Upside risks for inflation
Of course, while we expect tight supplies to boost energy commodities and companies with significant exposure, the developments just described have implications for the broader economy. For many companies, and certainly for households, such trends promise one thing: higher costs. That strain is already salient in the transportation sector, where OPEC+ production cuts and low inventories have led to surging diesel prices, up over 40% since May (see below), prompting a sudden uptick in trucking expenses.
Likewise, a number of US airlines, including United, Alaska, and Southwest, have recently expressed concern about a rapid rise in the price of jet fuel, also up around 48% since hitting lows for the year in May. As higher energy prices pass through to the cost of a plane ticket or the rate to ship a package, headline inflation is likely to push higher, complicating the work of the Fed and other major central banks. Indeed, we see increasing energy costs as a significant risk to a soft landing scenario, as rising ‘last mile’ delivery expenses become harder to force on increasingly budget-conscious consumers, cutting into companies margins. We also note that demand has been depressed in light of China’s slower-than-expected recovery, creating additional upside risk to energy prices and inflation if the world’s second-largest economy and one of the greatest sources of energy demand in recent years gets its growth back on track.
Strong services sector sparks inflation fears
Speaking of a soft landing, some investors might wonder why a surprising pickup in services sector activity reported in last week’s Institute for Supply Management (ISM) non-manufacturing PMI actually caused the market to dip on Wednesday. Shouldn’t resurgent strength in services be good news for the market—evidence that the economy remains robust, despite restrictive Fed policy? The consensus seems to have been that an increase in the non-manufacturing PMI from 52.7 to 54.5, its highest level since February, rather suggests the Fed hasn’t done enough to curb inflation and may need to keep rates elevated for longer. Taking a closer look at the ‘prices paid’ sub-index underscores that anxiety, with that statistic marking a second consecutive month-over-month increase after consistent declines over the last year and a half.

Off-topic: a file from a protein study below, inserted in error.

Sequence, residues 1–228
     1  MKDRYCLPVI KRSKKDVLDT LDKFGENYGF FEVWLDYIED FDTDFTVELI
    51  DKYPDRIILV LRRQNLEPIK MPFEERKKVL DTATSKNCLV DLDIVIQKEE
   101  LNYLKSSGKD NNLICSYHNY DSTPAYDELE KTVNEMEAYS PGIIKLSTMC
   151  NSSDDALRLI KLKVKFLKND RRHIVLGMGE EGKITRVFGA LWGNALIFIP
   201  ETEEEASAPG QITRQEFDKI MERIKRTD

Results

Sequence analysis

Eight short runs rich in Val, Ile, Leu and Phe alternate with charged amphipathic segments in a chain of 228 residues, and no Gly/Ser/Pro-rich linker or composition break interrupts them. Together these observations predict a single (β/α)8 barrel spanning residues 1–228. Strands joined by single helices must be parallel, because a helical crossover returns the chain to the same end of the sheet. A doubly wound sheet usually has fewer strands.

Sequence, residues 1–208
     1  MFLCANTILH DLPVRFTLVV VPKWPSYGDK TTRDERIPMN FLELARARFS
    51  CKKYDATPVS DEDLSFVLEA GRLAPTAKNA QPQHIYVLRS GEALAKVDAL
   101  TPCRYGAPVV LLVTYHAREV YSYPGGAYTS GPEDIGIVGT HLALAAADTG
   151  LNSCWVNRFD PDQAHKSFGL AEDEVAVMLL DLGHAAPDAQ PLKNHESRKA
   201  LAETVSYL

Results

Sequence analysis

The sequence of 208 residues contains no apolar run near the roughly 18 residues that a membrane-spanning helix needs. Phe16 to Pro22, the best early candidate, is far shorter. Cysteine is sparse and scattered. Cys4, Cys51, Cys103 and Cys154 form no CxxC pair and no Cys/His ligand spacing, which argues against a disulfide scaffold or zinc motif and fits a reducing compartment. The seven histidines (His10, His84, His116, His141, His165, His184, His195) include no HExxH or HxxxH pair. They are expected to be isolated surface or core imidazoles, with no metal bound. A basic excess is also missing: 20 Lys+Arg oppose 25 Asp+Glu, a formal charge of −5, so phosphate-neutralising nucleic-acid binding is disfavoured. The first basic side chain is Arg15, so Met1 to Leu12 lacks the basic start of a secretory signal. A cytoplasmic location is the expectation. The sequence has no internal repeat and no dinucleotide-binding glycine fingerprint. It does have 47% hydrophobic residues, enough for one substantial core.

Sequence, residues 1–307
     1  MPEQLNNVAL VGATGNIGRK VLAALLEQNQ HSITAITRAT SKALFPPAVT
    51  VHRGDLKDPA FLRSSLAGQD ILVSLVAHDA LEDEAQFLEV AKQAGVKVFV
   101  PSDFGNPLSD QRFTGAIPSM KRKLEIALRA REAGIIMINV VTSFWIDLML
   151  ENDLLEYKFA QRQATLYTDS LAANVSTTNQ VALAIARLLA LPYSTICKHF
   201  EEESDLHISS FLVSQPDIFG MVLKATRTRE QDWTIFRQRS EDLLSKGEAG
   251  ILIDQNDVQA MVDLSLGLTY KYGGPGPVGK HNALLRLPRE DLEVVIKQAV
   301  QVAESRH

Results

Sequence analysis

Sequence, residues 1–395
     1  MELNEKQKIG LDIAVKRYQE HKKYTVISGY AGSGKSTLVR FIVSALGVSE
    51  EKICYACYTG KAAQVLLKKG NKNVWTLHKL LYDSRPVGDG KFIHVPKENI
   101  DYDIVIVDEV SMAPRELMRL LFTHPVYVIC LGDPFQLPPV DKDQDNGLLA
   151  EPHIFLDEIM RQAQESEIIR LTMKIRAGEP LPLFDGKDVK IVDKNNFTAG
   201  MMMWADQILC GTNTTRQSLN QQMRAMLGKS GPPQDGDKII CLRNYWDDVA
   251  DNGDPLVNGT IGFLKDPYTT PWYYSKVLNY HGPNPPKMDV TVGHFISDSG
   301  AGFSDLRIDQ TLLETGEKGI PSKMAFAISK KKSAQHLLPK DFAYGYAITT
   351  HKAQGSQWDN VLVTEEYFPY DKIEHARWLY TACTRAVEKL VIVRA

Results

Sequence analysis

‘Good’ news belies risk to stocks, bonds
The ISM report is just the latest in a series of positive data points on the US economy, ranging from consumer spending to the housing market, fueling optimism toward continued expansion. As of last Friday, the Atlanta Fed’s GDPNow estimate pegged Q3 growth at 5.6%. But, again, good news for growth could be bad news for Fed policy, with the US central bank’s top concern at this point undoubtedly a possible resurgence and entrenchment of inflationary pressure. As such, we agree with traders’ decision in recent months to reduce their expectation for rate cuts in 2024, though we think the market is still overestimating the prospects for easing over the next 12 months. Meanwhile, with a range of factors we’ve discussed—Treasury issuance, concerns over the US budget deficit, and looming quantitative tightening—threatening to put upward pressure on the long end of the curve, we see the added pressure of a strong economy creating additional risk of longer-term yields going even higher in coming weeks. As such, we continue to favor an underweight to stocks and duration.